11 TECHNICAL OVERVIEW FOR LEGAL PROFESSIONALS Anyone may become a global software supplier. Software start-ups and local Independent Software Vendors may become global suppliers through PaaS or SaaS solution offerings - so called micro-globals of the 21st century. Anyone can sell their software through the various cloud application markets either as SaaS (e.g. Microsoft Azure Marketplace, Salesforce AppExchange, NEC Cloud Marketplace), or as licenses through mobile application markets, which is also a form of cloud service (e.g. Windows Store, Apple ios App Store, or Google Play). Enabling mobility and flexible working. Through its ubiquitous presence and its ability to support a variety of client devices and platforms, cloud services become an ideal back-end for all PCs, tablets, smartphones, and perhaps wearable or embedded devices of the future. Software-as-a-Service applications sourced to thousands of customers have to be fast in supporting multiple client platforms, as requested by the diversity of their SaaS customers. , calendaring, or video conferencing in the form of cloud SaaS will be easier to connect to from home or other remote places, while employing Bring-Your-Own-Device strategies. The overall level of service assurance of the leading cloud service providers is generally higher than the one that SME s can afford, especially when it comes to 24x7 availability and service continuity. 365 Trust Center 3 ). Customer data are normally stored on 3 independent hard drives in each data center, and many cloud services provide automatic versioning of saved documents. Customers may opt for geographical redundancy and have their data synchronized to another remote datacenter, which further improves business continuity. Protection against cyber threats. Renowned cloud providers may become an easy target to Denial of Service type of attacks. On the other hand, cloud providers typically operate 24x7 supervision centers that can quickly alert customers of cyber-attacks and they have a broad set of tools on hand such as scaling out capacity, packet filtering, and traffic throttling in order to keep the cloud services at high availability level. Also, cloud providers have vastly improved anti-malware and spam filtering at the entry point of their , calendaring, and document collaboration services, using the latest network analysis technologies and nearly real-time malware signature updates. Business continuity and Operational resilience. Cloud providers typically offer 99.9% Service Level Agreements, sometimes supported by a money-back guarantee. Microsoft s Office 365 average availability was 99.96% in the year 2013 (as published on Office 3 Office 365 Trust Center: Look for title Office 365 availability CLOUD COMPUTING IN THE CZECH REPUBLIC 11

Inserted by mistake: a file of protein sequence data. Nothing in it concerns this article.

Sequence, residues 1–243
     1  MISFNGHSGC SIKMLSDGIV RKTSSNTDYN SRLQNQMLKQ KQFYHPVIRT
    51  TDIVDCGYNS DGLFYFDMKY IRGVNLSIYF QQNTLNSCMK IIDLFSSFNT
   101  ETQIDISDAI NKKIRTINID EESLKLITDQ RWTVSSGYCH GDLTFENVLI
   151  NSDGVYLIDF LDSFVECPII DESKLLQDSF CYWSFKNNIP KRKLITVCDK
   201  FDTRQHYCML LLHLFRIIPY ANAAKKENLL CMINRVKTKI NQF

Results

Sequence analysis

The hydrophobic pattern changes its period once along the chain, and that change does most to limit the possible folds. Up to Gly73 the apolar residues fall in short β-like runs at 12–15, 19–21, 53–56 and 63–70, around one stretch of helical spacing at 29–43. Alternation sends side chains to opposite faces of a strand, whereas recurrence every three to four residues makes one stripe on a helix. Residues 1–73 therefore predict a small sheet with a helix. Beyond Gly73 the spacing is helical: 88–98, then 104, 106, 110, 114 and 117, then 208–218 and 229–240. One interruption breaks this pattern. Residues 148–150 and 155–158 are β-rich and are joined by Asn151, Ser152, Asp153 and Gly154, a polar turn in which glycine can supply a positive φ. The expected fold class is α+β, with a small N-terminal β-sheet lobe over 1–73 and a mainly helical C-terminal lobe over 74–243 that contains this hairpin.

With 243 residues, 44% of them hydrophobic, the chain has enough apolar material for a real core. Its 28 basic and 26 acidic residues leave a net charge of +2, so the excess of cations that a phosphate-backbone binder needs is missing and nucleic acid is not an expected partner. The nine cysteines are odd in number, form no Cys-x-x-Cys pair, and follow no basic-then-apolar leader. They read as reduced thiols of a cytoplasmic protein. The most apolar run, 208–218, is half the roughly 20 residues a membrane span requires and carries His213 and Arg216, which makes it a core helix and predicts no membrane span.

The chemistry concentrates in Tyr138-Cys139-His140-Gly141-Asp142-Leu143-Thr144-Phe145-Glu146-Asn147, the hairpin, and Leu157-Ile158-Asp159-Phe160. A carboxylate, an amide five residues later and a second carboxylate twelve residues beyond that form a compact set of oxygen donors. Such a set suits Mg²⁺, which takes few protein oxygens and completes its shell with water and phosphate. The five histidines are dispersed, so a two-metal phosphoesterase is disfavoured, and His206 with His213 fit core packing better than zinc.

12 TECHNICAL OVERVIEW FOR LEGAL PROFESSIONALS Technical challenges and possible solutions Apart from legal compliance issues that are the subject matter of this booklet, let s take a look at the biggest cloud architectural and operational challenges: Security vs. Multi-tenancy. The cloud efficiency gains may be achieved primarily through effective resource pooling and sharing; this means that cloud providers aim at high levels of multi-tenancy, ideally up to sharing the same software program instance among multiple customers. Hence it is important to securely virtualize the application environment for every customer, isolate their data, and possibly create secure sandboxes where custom code may be executed within shared SaaS services such as Office 365. Integrated system administration. Few customers will migrate all of their IT systems to the cloud in the foreseeable future. Most customers will think in terms which cloud model is right for me, and which apps should we migrate to the cloud first. Routine operations that system administrators do repetitively, such as creating a new user account or scaling up/ down their virtual machines, should be achieved with high levels of automation. Ideally, the same system administration tools should be capable of managing both on-premise datacenter as well as cloud virtual resources. Secure and Single Sign-on Access. Having in mind the ubiquitous presence of online services and global cloud accessibility over the Internet, the question comes to mind how do we manage secure access to cloud services for our active employees all the time. This includes tasks such as enforcing strong log-in credentials in the cloud, managing real-time authorization for the employees especially as they join and leave the organization - and ideally achieving true single sign-on to both local and cloud-based services. That assumes dynamic verification of the employee s status in the home directory performed in such a way that there is no noticeable difference between accessing on-premise or cloud based applications, for employees working from the office, but also working remotely. Encryption and Key management. The cloud provider is typically responsible for encryption of customer data during transfers (i) from client devices to the cloud and back, (ii) while synchronizing backups between datacenters, and (iii) storing data in the physical hard drives in the cloud. This, together with other organizational security controls, should provide high degree of assurance that customer data will not be misused. However, in case of processing sensitive data in the cloud, customers may require an additional layer of encryption that would completely eliminate access to the customer data in open form, while in the cloud infrastructure. This brings new functionality challenges to processing encrypted customer data by cloud services such as document search or business intelligence, which may be limited or require alternative approaches. Software version and change management. One of the key advantages of cloud PaaS and SaaS services is that someone else (i.e. the cloud provider) takes 12 CLOUD COMPUTING IN THE CZECH REPUBLIC